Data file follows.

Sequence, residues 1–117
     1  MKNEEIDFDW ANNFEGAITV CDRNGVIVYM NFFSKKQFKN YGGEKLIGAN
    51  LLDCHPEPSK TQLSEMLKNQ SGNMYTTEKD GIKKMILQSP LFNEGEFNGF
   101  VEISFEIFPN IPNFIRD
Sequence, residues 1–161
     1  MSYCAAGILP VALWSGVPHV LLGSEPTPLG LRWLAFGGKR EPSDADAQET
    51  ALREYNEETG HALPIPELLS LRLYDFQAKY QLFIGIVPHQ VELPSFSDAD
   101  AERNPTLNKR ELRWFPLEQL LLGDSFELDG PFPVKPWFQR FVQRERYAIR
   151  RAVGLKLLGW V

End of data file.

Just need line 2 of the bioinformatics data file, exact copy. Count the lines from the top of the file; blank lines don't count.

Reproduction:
     1  MKNEEIDFDW ANNFEGAITV CDRNGVIVYM NFFSKKQFKN YGGEKLIGAN